I was excited when ‘Maidens of Murder’ picked ‘Nemesis’ (a Miss Marple mystery) as the November book club choice. This was a story that, although I had never read, I loved from the days of the BBC adaptations of the novels with the wonderful Joan Hickson in the role of our elderly sleuth. So, when I picked up the book, I had high hopes…
However, I was left a little deflated when I started. The pace of the novel was slow – and I think I had been so spoiled from being familiar with the story that I wanted action to happen almost immediately. This is not a bad novel at all, I just found it a struggle to get into. Although, once we did reach a little bit more of the action and the tension began to build, I found myself more engrossed. There was possibly a little too much scene-setting, as a cold case rather than a current investigation is the main focus.
There is, however, all the way through, the charm we are all used to when we join a Miss Marple investigation. There is great characterisation as Miss Marple meets her cast of characters on her coach holiday paid for by her ‘Nemesis’ – our dear friend Mr Rafiel.
Yet the one big question I had by the end (other than why the ITV versions always strayed from the novels) is why, in the TV adaptations, does she always take a nephew with her on this trip – when, in the novel, she is such a tough, independent lady? Let’s give Miss Marple all the credit she deserves.
My reading habits have changed slightly since becoming a book blogger. Never before did I consider which month to read certain books, but now it seems to be one of the key considerations when deciding what to read. Therefore, I was really excited when it was revealed that this month’s ‘Maidens of Murder’ book was ‘The Pale Horse’, one I knew had a slightly spooky undercurrent.
Again, we were not taken on this adventure by Poirot or Miss Marple but Mark Easterbrook is our narrative provider. (Even the most recent ITV adaptation did add Miss Marple to the tale). A number of mysterious deaths have taken place, but when a priest is murdered after visiting one of the ‘victims’ it seems that there could be more to this than meets the eye. Mark Easterbrook becomes intrigued by this mystery, which seems to lead to a slightly strange public house called ‘The Pale Horse’. It appears that the ladies who inhabit it may have some connections to practicing the ‘dark arts’.
I really enjoyed this novel. If you read this little blog on a regular basis, you will know that I am an Agatha Christie fan but there are still a few novels that do not quite hit the spot, but this was not one of them. I just wanted to know what was happening next; there is a well-built-up tension – and the twist – well I did not spot that coming! (Although, as always, it seems so obvious when it is fully revealed).
So, October has got off to a suitably spooky start – A classic Christie!
This months ‘Maidens of Murder’ book club choice is ‘The Seven Dials Mystery’. This was not a title that I was aware of but, as regular readers of the blog will know, I am always happy to give a Christie novel a go. It also seems fitting that I finished it on Agatha Christie’s birthday, which is a fitting tribute to the ‘Queen of Crime’s’ memory.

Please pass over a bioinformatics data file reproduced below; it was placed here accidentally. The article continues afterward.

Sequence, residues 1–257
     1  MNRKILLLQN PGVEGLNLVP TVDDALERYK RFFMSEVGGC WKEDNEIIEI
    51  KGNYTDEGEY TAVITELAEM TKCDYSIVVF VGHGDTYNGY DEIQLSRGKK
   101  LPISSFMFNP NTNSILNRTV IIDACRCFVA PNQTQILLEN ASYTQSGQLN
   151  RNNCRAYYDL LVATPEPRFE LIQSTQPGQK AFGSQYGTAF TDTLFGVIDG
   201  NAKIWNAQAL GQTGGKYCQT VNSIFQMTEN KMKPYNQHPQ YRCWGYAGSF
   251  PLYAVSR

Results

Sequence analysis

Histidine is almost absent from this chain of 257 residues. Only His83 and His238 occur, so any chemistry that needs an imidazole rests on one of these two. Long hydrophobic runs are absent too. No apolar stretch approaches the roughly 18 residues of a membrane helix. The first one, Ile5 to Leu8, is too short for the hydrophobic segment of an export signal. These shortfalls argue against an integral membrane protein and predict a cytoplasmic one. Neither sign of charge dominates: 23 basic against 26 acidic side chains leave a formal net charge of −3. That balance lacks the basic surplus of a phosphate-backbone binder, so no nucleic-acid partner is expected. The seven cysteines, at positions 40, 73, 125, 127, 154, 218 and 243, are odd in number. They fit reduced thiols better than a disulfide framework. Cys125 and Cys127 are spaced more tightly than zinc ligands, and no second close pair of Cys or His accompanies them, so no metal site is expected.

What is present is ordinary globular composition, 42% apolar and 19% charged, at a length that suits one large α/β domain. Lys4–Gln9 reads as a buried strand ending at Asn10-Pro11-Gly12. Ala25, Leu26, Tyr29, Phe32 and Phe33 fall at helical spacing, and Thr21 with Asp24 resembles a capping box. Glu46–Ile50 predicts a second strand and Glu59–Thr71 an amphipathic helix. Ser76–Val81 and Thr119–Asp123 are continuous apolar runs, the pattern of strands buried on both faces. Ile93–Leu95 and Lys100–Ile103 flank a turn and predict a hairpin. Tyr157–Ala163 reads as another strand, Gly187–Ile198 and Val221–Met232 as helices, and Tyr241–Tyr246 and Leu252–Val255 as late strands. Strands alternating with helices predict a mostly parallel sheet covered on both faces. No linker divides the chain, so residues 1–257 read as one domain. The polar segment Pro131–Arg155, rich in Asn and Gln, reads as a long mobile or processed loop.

I found this novel an absolute joy to read. It really reminded me of the novels of PG Wodehouse, as there was a humour and charm to this novel that resonated with me from the first page.
This is not a novel that involves Poirot or Miss Marple, but instead Superintendent Battle (who appears in five of Christie’s novels). However, for me, other than his part in the big reveal that we all associate with Christie’s work, he is not the star of the story. This novel in fact has a wonderfully strong female lead in ‘Bundle’. A young (and fairly wealthy) lady who sees herself as a little bit of an amateur sleuth and ends up embroiled in the ‘Seven Dials Mystery’ when two young men from her social circle wind up dead.
It is a beautifully crafted novel, as you would expect, but does read in a slightly different style to the Marples and Poirots I am used to. This made it even more appealing to me as it demonstrated that Christie is a consistently skilled writer but can make small adjustments to her style to keep the stories fresh.
I absolutely can not wait to see what next month’s offering is as so far each title has reignited my love of Agatha Christie’s work.
This month ‘Maidens of Murder’ book club choice is ‘Murder is Easy’. This is one of Agatha Christie’s novels which does not include one of out literary national treasures Poirot or Miss Marple. This does have Superintendent Battle pop up, but he has very little to do with story as a whole.
I was pretty hooked at the beginning as a mysterious encounter between Luke Fitzwilliam and Lavinia Pinkerton, on the train to London, means he becomes aware of strange goings-on in Wychwood Under Ashe. When Mr Fitzwilliam realises that Miss Pinkerton’s suspicions will never be followed up, he takes himself to the seemingly sleepy village to carry out his own investigations.
I am sure it is not a spoiler to share that a series of suspicious murders take place. However, the investigations into the mystery slow the pace a little. Despite, of course, there being quite a collection of colourful characters, and even some suggestions of witchcraft, these chapters seem a little drawn out.
However, the conclusion of the tale picks up the pace again. There is quite some excitement as the culprit is revealed. It is very well engineered in Christie’s usual style.
I enjoyed this book – although I do not think it is one I would return to, as I feel that now I know the outcome it would not offer the same drama to read it again.
Have you read any of the Christie stand alone tales? What did you think?